Florida's Hispanics Could Decide The Election
"I have my heritage and my vote. I have my business and my vote. I have my communities and my vote. As Hispanics, as Latinos, our voice is often neglected. It's dismissed. It's ignored. By voting, it's one of the only ways, the only tools we have that we could insure that our voice is heard."
This is the soundtrack to one of 18 "get-out-the-vote" videos produced by a non-partisan coalition called Respeta Mi Gente (Respect My People).
The coalition is made up of more than 20 civic groups groups in Central Florida dedicated to getting out the Puerto Rican vote.
The video is hosted by Daniela Droz, a TV and radio personality who moved to the Orlando area after the island was battered by Hurricane Maria.
"In every presidential election since 1992, the winner of Florida has gone on to the White House. And the Puerto Ricans make up the largest Hispanic group in the state of Florida," Droz said, introducing the campaign. "And that's what we're seeing in this upcoming election. And that's why we are here today."
For decades, courting Florida's Hispanic vote mainly meant trying to sway Cubans who fled Fidel Castro's regime in the 1960's. They formed a mostly reliable Republican voting bloc - as did subsequent waves of people fleeing Socialism in places like Venezuela and Nicaragua.
But Hurricane Maria forced hundreds of thousands of American citizens from Puerto Rico into tourism-related jobs in Orange and Osceola counties — jobs that have since evaporated because of the coronavirus pandemic.
"Cubans skew Republican, the Puerto Ricans skew Democratic. So you can't assume an appeal to Hispanic voters in Florida will be received in the same way by those two constituencies," said Ciara Torres-Spelliscy, a professor at Stetson College of Law in St. Petersburg. She's descended from Afro-Cubans who left the island in 1900.
Torres-Spelliscy says it's impossible to lump together "Hispanics" under any kind of umbrella.
"Both in terms of the different ideologies that people believe in. There are racial differences. There are cultural differences," she said. "And there are also generational differences."
What that means, she says, is while older folks might be more inclined to vote with memories of what leftists like Fidel Castro did in Cuba or Nicholas Maduro did in Venezuela, their sons and daughters might have more progressive views.
The importance of the Hispanic vote has been underlined by visits by Joe Biden to Miami and dozens of meet-ups and Zoom events geared toward different groups by Democrats. They even drafted Alexander Hamilton.
"Hi, it's Lin-Manuel Miranda sending you love this Hispanic Heritage Month," the actor and composer said in the kickoff for Respeta Mi Gente. "When Hurricane Maria devastated Puerto Rico, what did the President of the United States do to help these American citizens? These human beings - when we needed him most? Nothing. He threw paper towels at us in San Juan."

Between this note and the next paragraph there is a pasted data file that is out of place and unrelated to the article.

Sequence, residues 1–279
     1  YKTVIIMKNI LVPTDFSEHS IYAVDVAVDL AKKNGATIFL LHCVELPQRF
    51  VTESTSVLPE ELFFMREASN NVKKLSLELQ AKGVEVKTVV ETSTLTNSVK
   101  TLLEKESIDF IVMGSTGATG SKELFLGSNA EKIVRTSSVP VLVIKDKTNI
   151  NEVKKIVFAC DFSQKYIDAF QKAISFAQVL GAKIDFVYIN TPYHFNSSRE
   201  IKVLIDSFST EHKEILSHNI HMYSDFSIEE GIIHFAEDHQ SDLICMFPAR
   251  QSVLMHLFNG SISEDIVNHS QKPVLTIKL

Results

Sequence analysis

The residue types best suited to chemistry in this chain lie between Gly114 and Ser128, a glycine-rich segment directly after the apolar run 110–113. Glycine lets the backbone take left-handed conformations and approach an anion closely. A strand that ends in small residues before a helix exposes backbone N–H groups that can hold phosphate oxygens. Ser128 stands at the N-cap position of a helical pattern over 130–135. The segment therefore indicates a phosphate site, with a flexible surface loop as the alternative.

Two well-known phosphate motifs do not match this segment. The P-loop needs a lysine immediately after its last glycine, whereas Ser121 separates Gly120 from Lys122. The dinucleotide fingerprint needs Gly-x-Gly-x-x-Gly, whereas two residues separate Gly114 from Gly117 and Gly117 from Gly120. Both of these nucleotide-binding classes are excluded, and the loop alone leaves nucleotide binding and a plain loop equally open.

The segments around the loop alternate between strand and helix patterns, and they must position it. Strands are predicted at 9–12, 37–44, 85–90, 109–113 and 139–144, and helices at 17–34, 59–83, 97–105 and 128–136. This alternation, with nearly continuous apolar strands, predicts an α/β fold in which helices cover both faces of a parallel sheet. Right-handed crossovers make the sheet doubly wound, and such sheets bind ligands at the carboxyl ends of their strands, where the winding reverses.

On one recent Saturday, both the Biden and Trump campaigns held dueling events aimed at Tampa's Latino community.
On the Republican side, the Caravana por La Libertad y La Democracia started at the Casa de Cuba in heavily Hispanic West Tampa, and ended in Ybor City, the historic heart of the cigar industry begun by Cuban immigrants in the late 19th Century. Guava pastries and Cuban sandwiches were passed around as the caravan gathered on the anniversary of the start of the Cuban Revolution to fly their Trump and Cuba flags.
Eduardo Darna Lou fled Cuba seven years ago. He supports Trump, saying change will come only by putting pressure on the Cuban regime.
"If Joe Biden continues the Obama policies again related to Cuba," he said, "it's not gonna go anywhere."
Darna said he doesn't believe President Trump's campaign rhetoric aimed at Hispanics saying a Biden election will usher in "socialism."
But Maura Cruz Lanz, a Republican running for Hillsborough County Commission, said she believes Trump's claims that liberals are infiltrating American society.
"Because we're seeing exactly the same thing that we saw in Cuba happening here in the U.S. With the media, the universities, the students rioting in the streets. We saw that in Cuba," said Lanz, who was born in Ybor City to parents who fled Cuba. "They did away with our guns. They did away with the police. We're talking about the same playbook."
Most polls show Biden leading Trump among Hispanics by more than 10 percentage points. And that could be because of the thousands of Puerto Ricans moving to the state since the last election.
This story is part of The State We're In, an elections reporting initiative from WUSF and WMFE in Orlando. It's produced in partnership with America Amplified, an initiative using community engagement to inform local journalism. It is supported by the Corporation for Public Broadcasting.
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